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Why is electricity not transmitted wirelessly such that we don't need to span cables on the earth's surface? As in: electricity is transmitted wirelessly from the power plant to the household.

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Paging Mr. Tesla, you have a call on Physics.SE... – JYelton Jul 12 '11 at 18:18
These toothbrushes… are recharged through plastic. I once showed it to my ex-colleague, physics Prof Shiraz Minwalla, and he was as puzzled as I was: how do the charges get to the toothbrush when only (insulating) plastic matter is in contact (which is the case to avoid short circuit in the bathroom)? Haha, energy doesn't need charge transfer on long distances - electromagnetic waves are enough. – Luboš Motl Jul 12 '11 at 19:47
See similar gadgets - transmiting at longer separation - at and (MIT projects) - I personally bet that those gadgets will ultimately become frequent in the households. For longer-distance power transmission, it's inefficient - unless you transfer the energy via lasers whose beams go to a clear destination. – Luboš Motl Jul 12 '11 at 19:50
And to follow up on Lubos. The sun heats the earth, via electromagnetic energy waves (light). Aside from the minor correction of the solar wind, no charge transfer is involved. – Omega Centauri Jul 12 '11 at 19:52
This question seems related to the issue of "localization of energy," which Hertz doubted and which Wien and Mie accepted. Hertz. H. 1890, in Hertz H. 1962, p. 220: “Considerations of this kind have not been yet been successfully applied to the simplest cases of transference of energy in ordinary mechanics; and hence it is still an open question whether, and to what extent, the conception of energy admits of being treated in this manner.” In other words, if there is no "localization of energy," wireless transmission of it would be easy; it would come from the "ether". – Geremia Oct 14 '14 at 7:37
up vote 9 down vote accepted

Electricity is the flow of electrical charge - generally electrically charged particles called electrons in a wire. It can't flow through air, except in the form of electrically charged particles of air - as in a spark or lightning stroke.

Magnetic fields can travel in air, so you can send electricity by using it to make a magnetic field and then using the magnetic field at the other end to make electricity. This is how a transformer works - but it only works efficiently if the two sets of wire making the magnetic field are very close.

You can use it for sending small amounts of electricity a short distance where a wire (or connector) would be difficult, such as charging an electric toothbrush - but it's not efficent for large amounts or a long distance.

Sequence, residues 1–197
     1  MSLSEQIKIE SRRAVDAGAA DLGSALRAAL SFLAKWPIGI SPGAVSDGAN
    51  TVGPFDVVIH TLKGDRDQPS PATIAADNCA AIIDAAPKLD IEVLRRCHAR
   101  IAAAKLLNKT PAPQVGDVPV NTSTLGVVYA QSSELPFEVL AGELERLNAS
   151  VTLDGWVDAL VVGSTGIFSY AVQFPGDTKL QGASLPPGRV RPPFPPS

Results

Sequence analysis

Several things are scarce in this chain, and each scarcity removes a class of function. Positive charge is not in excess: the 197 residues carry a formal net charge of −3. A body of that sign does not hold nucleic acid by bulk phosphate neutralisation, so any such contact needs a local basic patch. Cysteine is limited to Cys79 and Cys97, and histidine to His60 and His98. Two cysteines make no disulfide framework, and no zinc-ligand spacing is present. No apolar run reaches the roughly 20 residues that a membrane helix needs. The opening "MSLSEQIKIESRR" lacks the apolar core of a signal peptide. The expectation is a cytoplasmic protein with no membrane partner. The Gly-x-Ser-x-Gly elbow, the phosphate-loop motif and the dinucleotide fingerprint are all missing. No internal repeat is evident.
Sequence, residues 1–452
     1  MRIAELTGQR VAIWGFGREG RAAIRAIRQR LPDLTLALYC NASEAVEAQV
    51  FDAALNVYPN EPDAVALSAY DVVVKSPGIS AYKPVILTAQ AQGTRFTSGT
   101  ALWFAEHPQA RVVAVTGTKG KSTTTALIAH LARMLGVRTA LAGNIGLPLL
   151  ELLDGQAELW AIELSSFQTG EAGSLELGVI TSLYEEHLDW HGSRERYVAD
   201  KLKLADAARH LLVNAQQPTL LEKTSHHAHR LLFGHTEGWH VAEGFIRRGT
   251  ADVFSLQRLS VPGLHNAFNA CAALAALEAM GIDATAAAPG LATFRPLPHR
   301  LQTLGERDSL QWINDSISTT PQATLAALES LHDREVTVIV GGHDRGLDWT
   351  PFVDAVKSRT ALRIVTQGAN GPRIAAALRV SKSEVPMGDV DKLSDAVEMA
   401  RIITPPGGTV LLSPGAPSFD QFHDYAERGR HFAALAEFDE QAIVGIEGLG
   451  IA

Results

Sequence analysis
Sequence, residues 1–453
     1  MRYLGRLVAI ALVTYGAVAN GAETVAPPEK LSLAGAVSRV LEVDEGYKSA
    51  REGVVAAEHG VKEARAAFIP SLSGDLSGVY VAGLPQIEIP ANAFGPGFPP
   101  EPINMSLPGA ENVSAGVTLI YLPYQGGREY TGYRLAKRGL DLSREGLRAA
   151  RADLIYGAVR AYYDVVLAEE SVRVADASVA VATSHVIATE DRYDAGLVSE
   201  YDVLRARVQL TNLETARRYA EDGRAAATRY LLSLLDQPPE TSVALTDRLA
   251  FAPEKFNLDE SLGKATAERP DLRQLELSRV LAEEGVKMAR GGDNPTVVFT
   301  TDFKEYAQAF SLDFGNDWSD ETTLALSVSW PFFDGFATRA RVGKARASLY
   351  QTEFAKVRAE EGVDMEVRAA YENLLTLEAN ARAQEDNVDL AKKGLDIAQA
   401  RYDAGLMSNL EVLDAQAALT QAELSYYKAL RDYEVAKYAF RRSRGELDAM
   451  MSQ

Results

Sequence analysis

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This confuses electric current with electrical energy. Electrical energy transmitted by power lines does flow through the air, in the form of the electric and magnetic fields surrounding the wires. Electric charge isn't transmitted into objects and then used up by them. In most power transmission, electric charge just wiggles back and forth a slight distance. – endolith Jul 13 '11 at 15:56
NB the Rolls Royce 102EX electric luxury prototype car can charge from cable or by induction, and they claim 90% efficiency on the inductive charging: if that's true, then large amounts can be transmitted efficiently. That's at short distance. As you say, long distance will be inefficient - as Georg says, "diffusion" is the clue. – EnergyNumbers Jul 28 '11 at 8:59

Power is transmitted wirelessly in many applications, just not where transmission efficiency is high importance. And that is the reason it is not done more: efficiency. At low frequencies, galvanic (that means metal) conduction of electricity is many, many, many orders of magnitude more efficient than, say, air.

At higher frequencies, one can use electricity to create E-M waves which travel well in air (or even space); but the problem is that the medium in which they travel is typically 3D (rather than the functionaly 1D path in an electric circuit), so the stuff spreads out a lot and the receiving station only gets a very small fraction of it (your car or home radio, receiving a signal from a braodcast station, is an example).

Techniques have been and are continually being developed to force power to travel in a 1-D manner, instead of 3D, in air without wave guides. Some successes include phased array RADARs, lasers, microwave antennas for telecommunications, Yagi antennas, and parabolic dish antennas. However, no commercially viable technique has surfaced to move large amounts of electrical power over long distances without long stretches of metal.

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So, why is this answer downvoted? – Fabian Jul 13 '11 at 19:32
Nothing wrong with it, so upvoted. – Nigel Seel Jul 15 '11 at 10:55
Also up voting. – MGZero Aug 11 '11 at 16:02